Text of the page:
We’re spoilt for choice more and more each day when it comes to modes of communication. More portals, platforms, and apps compete to link you with your contacts sooner than others. Since networking is an all-important currency in the leading business sectors, that does bode well for us. Even within the digital era, we have advanced from emails to web chats to DMs. In addition, we now interact with efficient chatbots for quick and clever transactions. As chatbots integrate themselves into our everyday routine, it’s time we got to know them on a closer level.
What are chatbots?
Chatbots or natural dialogue systems are computer programs that simulate human-like conversations with human users. They employ natural language processing (NLP) to imitate human communication’s mannerisms, tone, and inflexion. Powered by artificial intelligence (AI), machine learning (ML), and pattern detection technologies, these chatbots work on algorithms structured to facilitate human-computer interaction (HCI). This technology has undergone an exciting series of phases as it evolved through the second half of the 20th century. Let’s track its evolution.
The chatbot evolution
The origins of natural dialogue systems can be traced to the works of Alan Turing, the famous British mathematician. He helped crack Nazi Germany’s unsolvable Enigma Code during the Second World War. Turing wanted to test whether a computer program could effectively communicate with a group of people without them realising they were talking to a machine. This idea planted the seed of the now well-known HCI model, leading to the creation of the first-ever chatbot, ELIZA. It was created at the MIT Artificial Intelligence Laboratory in 1966. ELIZA used pattern detection to create responses based on pre-existing templates. Unfortunately, the dependence on these templates limited its extent of communication. Nonetheless, it laid the foundations for the future development of chatbots.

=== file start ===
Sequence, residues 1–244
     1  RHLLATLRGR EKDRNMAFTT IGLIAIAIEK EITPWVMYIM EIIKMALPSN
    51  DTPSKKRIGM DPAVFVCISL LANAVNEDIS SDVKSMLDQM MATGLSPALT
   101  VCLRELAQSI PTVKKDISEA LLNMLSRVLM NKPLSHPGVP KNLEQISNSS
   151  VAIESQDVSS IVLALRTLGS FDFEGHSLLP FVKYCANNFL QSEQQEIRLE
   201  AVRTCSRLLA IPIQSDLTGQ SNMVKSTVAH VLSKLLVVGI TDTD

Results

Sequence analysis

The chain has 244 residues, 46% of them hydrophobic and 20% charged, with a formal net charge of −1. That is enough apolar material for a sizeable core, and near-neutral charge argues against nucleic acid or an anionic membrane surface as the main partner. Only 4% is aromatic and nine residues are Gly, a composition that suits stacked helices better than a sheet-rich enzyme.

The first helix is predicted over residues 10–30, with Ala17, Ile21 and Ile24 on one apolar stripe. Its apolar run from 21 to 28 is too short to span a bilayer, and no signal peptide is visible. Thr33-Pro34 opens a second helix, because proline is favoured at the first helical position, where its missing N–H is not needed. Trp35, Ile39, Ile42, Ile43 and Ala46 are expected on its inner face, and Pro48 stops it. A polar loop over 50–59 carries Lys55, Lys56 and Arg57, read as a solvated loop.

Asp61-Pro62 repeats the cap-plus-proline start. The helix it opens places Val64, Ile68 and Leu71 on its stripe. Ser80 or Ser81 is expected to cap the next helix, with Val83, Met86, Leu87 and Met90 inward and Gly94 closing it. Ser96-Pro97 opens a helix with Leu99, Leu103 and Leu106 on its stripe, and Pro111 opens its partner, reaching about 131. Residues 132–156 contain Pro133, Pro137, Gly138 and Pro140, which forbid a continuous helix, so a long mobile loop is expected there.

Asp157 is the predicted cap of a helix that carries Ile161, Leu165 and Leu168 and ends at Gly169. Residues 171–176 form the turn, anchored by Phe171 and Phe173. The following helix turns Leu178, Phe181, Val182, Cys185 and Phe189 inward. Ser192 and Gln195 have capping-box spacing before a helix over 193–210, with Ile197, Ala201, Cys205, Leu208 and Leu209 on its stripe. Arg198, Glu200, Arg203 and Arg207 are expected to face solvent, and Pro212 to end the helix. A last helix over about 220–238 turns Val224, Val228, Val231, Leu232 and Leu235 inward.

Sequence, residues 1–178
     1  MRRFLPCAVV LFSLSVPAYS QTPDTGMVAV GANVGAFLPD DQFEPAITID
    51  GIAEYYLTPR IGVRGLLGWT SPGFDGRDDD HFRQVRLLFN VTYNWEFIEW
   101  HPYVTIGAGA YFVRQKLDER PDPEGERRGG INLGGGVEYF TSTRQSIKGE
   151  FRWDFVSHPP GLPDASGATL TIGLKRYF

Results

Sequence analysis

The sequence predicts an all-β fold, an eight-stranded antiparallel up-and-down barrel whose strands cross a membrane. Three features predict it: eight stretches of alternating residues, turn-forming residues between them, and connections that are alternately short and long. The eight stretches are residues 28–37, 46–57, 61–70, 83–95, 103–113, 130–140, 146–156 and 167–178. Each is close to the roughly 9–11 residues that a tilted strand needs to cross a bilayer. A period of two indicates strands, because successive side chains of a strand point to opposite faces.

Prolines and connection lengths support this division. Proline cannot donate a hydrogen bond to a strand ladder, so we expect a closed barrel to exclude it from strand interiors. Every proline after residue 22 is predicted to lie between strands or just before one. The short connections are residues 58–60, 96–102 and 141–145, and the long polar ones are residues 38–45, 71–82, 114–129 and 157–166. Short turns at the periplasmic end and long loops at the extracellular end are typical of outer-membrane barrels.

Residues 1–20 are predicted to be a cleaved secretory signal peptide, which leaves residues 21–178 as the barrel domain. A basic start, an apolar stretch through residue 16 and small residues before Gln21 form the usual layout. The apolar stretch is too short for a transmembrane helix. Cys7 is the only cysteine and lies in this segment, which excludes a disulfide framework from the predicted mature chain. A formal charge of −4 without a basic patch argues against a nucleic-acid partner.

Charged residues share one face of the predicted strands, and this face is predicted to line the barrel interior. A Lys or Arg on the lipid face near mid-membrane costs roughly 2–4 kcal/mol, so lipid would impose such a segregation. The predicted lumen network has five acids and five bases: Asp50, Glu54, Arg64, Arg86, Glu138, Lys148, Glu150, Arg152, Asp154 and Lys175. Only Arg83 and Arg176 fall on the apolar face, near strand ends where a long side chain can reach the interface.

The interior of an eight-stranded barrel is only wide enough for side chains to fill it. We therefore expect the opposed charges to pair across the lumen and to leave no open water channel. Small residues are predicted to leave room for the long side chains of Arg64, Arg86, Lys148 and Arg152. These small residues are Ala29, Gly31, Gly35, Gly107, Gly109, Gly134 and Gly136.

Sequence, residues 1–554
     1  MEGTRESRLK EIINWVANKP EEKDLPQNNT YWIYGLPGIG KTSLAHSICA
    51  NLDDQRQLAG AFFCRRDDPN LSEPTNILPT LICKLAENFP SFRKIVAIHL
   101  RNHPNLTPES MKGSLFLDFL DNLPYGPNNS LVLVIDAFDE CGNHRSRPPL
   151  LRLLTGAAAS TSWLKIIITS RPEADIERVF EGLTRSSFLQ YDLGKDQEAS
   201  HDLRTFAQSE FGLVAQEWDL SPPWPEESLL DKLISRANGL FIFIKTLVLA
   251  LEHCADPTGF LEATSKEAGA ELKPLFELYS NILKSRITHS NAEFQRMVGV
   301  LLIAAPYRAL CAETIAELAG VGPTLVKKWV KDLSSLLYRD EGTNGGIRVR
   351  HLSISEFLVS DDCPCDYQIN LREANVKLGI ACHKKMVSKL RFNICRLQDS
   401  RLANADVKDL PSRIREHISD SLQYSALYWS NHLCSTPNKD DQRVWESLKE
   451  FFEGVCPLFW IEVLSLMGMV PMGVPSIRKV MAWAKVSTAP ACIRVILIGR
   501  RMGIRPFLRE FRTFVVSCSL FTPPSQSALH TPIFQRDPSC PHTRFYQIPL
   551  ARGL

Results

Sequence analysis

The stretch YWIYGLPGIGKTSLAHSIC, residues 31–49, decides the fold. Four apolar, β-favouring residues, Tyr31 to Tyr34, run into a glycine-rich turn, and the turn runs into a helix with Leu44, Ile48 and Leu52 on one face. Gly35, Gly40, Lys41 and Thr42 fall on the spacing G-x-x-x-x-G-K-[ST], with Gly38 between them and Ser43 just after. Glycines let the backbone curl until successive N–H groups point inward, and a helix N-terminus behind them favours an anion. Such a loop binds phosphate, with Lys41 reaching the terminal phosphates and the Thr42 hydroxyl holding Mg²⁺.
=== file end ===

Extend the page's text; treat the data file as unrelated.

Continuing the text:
Throughout the 1970s and 1980s, scientists made incremental advancements in natural dialogue systems. These developments gave chatbots more refined “personalities” and interactive abilities. For example, in 1972, Kenneth Colby, a psychiatrist at Stanford University, developed PARRY, a more robust model than ELIZA. He described it as ‘ELIZA with attitude’.
The term ‘chatterbot’ was first used in 1991 with the launch of a multiplayer real-time virtual world or TINYMUD (where MUD stands for Multi-User Domain). The chatterbot was an artificial player whose sole purpose was to chat with gamers. In 1995, Artificial Linguistic Internet Computer Entity (ALICE) was created by Richard Wallace. ALICE was the first online chatterbot and was based on ELIZA’s pattern-detection technology.
A great leap forward was made in 2001, when a US-based company called ActiveBuddy developed SmarterChild. This chatbot was made available on MSN Messenger and AOL Instant Messenger. SmarterChild was a landmark development in AI-based HCI. For the first time, a chatbot was able to help people with their day-to-day activities. In many ways, it paved the way for tech giants, primarily Apple, IBM, Google, Microsoft, and Amazon, to build their chatbots. Today, they are known as personal assistants. Apple Siri, IBM Watson, Google Assistant, Microsoft Cortana, and Amazon Alexa are household names now. These personal assistants can plan your day to the last second within a few minutes. Thus, human-computer interactions are entering a new era.
How chatbots connect the (business) dots
Chatbots and virtual assistants also play a significant role in enhancing the efficiency of business operations. Companies have extensively utilised chatbots’ power to deal with customer queries, concerns, and complaints. For example, if the restaurant messes up your online order, you can instantly post a complaint with the platform’s chatbot. Ideally, the issue will get resolved within a few hours. All this takes place without you ever having to converse with the restaurant. Nowadays, algorithms have become more sophisticated such that customer databases and consumption patterns are available at companies’ fingertips. These developments have contributed to the evolution of neural networks in chatbots and virtual assistants, leading to higher customer retention and improving sales cycles.